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Adventures with _chkstk

Called by the compiler when you have more than one page of local variables in your function.
_chkstk Routine is a helper routine for the C compiler. For x86 compilers, _chkstk Routine is called when the local variables exceed 4K bytes; for x64 compilers it is 8K.

That’s all that you get from _chkstk()’s msdn web page. Nothing more…

Overview
A process starts with a fixed stack space. The top of a stack is pointed to by the ESP register (Extended Stack Pointer) and this is a decrementing pointer. Every function calls results in a stack created for the function inside this Process Stack. Every thread function has its own stack. The stack is a downward growing array. When a function starts, the default stack reservation size is 1 MB.
This is contrasting with the heap’s size whether theoretically increases to a limit of 4 GB on 32bits OS. See more information here.

Every thread under Windows gets its own block of contiguous memory, and while function calls are made, the stack pointer is increasing and decreasing. In contrast, a different thread within the same process might get a different block of contiguous memory – its own stack. When a context switch occurs, the current thread’s ESP (along with the IP and other registers) are saved in the thread’s context structure, and restored when the thread is activated the next time.
To specify a different default stack reservation size for all threads and fibers, use the STACKSIZE statement in the module definition (.def) file. To change the initially committed stack space, use the dwStackSize parameter of the CreateThread, CreateRemoteThread, or CreateFiber function.
Most stack problems occur in overflows of existing stacks, as their sizes are fixed and they cannot be expanded.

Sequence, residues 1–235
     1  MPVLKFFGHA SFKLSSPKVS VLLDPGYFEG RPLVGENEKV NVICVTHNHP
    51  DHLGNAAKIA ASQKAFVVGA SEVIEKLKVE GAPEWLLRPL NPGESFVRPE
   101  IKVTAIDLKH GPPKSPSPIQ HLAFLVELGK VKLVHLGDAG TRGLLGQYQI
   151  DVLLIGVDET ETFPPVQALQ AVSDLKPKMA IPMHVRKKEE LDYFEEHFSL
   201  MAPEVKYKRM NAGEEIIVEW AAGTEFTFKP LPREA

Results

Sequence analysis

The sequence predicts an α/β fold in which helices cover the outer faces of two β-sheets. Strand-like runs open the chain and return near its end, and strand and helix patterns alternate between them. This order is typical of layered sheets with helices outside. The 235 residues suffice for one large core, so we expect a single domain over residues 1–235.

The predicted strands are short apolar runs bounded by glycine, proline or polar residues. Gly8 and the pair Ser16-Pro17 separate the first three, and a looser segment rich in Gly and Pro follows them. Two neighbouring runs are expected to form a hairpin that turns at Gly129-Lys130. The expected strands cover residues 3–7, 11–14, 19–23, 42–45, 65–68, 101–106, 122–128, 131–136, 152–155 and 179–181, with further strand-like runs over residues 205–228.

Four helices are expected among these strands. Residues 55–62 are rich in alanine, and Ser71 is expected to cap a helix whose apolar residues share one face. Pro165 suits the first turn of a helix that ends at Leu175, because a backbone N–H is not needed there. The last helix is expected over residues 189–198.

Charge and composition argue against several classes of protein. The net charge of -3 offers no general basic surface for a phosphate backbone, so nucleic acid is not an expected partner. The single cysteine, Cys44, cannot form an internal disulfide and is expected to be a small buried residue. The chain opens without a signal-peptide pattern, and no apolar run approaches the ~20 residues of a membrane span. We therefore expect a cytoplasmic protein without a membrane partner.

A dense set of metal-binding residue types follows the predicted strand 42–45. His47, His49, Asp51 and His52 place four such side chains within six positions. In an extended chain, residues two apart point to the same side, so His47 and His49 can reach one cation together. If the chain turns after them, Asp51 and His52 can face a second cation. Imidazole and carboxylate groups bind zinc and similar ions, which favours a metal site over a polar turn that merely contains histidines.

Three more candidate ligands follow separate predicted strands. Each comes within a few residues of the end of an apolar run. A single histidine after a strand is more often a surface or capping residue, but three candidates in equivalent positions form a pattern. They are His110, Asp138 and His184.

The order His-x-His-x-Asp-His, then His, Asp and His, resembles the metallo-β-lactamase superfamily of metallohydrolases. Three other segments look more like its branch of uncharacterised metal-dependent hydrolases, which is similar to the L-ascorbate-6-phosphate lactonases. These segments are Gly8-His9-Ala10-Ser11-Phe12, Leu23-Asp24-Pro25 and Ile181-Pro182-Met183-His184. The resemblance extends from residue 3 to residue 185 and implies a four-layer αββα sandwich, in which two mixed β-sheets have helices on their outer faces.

_chkstk() increases the stack when needed by committing some of the pages previously reserved for the stack. If there is no more physical memory available for committed pages, _chkstk fails. When you enter a function (VC++ with the stack checking enabled), it will call the _chkstk located in CHKSTK.ASM. This function does a stack page probing and causes the necessary pages of memory to be allocated using the guard page scheme, if possible. In this function, it is stated that when it encounters _XCPT_GUARD_PAGE_VIOLATION, the OS will attempt to allocate another guarded page and if it encounters _XCPT_UNABLE_TO_GROW_STACK then it’s a stack overflow error. When _XCPT_UNABLE_TO_GROW_STACK is encountered, the stack is not yet set up properly, that is why, that it will not call the catch because calling it will use invalid stack variables which will again cause another exception.

Case – Too many or too big variables on stack
As I said on top, the function stack size is 1 MB. If you miss that and you’re trying to define and use internally an array like this:

When you’ll compile with VC++ compiler in debug mode you will have a big surprise: the application is crashing on _chkstk() in the moment the _chkstk() tries to create new memory page on stack and fails.
The output window shows next message:
First-chance exception at 0x004116e7 in testApp.exe: 0xC00000FD: Stack overflow.
Unhandled exception at 0x004116e7 in testApp.exe: 0xC00000FD: Stack overflow.

This happens because the 1MB limit is overloaded even on a win32 OS: 4000*200*4 = 3.2MB (approx.).
Same story if you define many local variables and their stack usage overloads the 1MB limit. Off-course the thread stack size can be changed but think once again if it is really needed to do that.